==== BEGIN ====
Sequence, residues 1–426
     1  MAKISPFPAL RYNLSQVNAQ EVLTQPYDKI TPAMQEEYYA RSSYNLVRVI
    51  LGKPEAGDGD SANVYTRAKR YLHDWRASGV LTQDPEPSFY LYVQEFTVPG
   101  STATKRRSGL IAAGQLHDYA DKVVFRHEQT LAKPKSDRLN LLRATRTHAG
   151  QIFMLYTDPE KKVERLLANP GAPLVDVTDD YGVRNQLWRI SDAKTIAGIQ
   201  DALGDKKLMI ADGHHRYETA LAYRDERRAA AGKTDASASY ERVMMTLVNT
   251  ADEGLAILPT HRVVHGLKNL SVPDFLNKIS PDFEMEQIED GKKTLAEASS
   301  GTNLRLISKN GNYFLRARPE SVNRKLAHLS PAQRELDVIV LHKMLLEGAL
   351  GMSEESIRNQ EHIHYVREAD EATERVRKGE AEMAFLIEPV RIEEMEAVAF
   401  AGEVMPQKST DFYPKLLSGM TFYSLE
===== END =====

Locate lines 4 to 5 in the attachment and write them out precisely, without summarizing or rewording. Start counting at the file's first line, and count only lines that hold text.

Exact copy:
   101  STATKRRSGL IAAGQLHDYA DKVVFRHEQT LAKPKSDRLN LLRATRTHAG
   151  QIFMLYTDPE KKVERLLANP GAPLVDVTDD YGVRNQLWRI SDAKTIAGIQ